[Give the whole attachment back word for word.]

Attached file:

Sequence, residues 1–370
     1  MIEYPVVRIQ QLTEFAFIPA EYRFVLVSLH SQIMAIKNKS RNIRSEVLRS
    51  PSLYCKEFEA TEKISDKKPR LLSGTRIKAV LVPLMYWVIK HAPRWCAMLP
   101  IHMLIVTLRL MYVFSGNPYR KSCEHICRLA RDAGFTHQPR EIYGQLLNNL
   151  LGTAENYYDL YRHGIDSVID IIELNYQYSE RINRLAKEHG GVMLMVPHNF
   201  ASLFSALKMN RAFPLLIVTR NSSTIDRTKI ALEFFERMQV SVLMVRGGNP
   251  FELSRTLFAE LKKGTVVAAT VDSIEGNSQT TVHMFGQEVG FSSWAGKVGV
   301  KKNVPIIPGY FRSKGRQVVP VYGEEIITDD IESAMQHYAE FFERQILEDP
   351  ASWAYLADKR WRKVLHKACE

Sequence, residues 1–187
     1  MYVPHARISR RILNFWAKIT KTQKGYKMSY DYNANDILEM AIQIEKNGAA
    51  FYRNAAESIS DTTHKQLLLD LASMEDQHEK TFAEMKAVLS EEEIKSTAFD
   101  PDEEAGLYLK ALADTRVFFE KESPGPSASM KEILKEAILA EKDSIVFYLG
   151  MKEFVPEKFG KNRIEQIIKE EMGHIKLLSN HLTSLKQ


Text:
Sequence, residues 1–370
     1  MIEYPVVRIQ QLTEFAFIPA EYRFVLVSLH SQIMAIKNKS RNIRSEVLRS
    51  PSLYCKEFEA TEKISDKKPR LLSGTRIKAV LVPLMYWVIK HAPRWCAMLP
   101  IHMLIVTLRL MYVFSGNPYR KSCEHICRLA RDAGFTHQPR EIYGQLLNNL
   151  LGTAENYYDL YRHGIDSVID IIELNYQYSE RINRLAKEHG GVMLMVPHNF
   201  ASLFSALKMN RAFPLLIVTR NSSTIDRTKI ALEFFERMQV SVLMVRGGNP
   251  FELSRTLFAE LKKGTVVAAT VDSIEGNSQT TVHMFGQEVG FSSWAGKVGV
   301  KKNVPIIPGY FRSKGRQVVP VYGEEIITDD IESAMQHYAE FFERQILEDP
   351  ASWAYLADKR WRKVLHKACE

Sequence, residues 1–187
     1  MYVPHARISR RILNFWAKIT KTQKGYKMSY DYNANDILEM AIQIEKNGAA
    51  FYRNAAESIS DTTHKQLLLD LASMEDQHEK TFAEMKAVLS EEEIKSTAFD
   101  PDEEAGLYLK ALADTRVFFE KESPGPSASM KEILKEAILA EKDSIVFYLG
   151  MKEFVPEKFG KNRIEQIIKE EMGHIKLLSN HLTSLKQ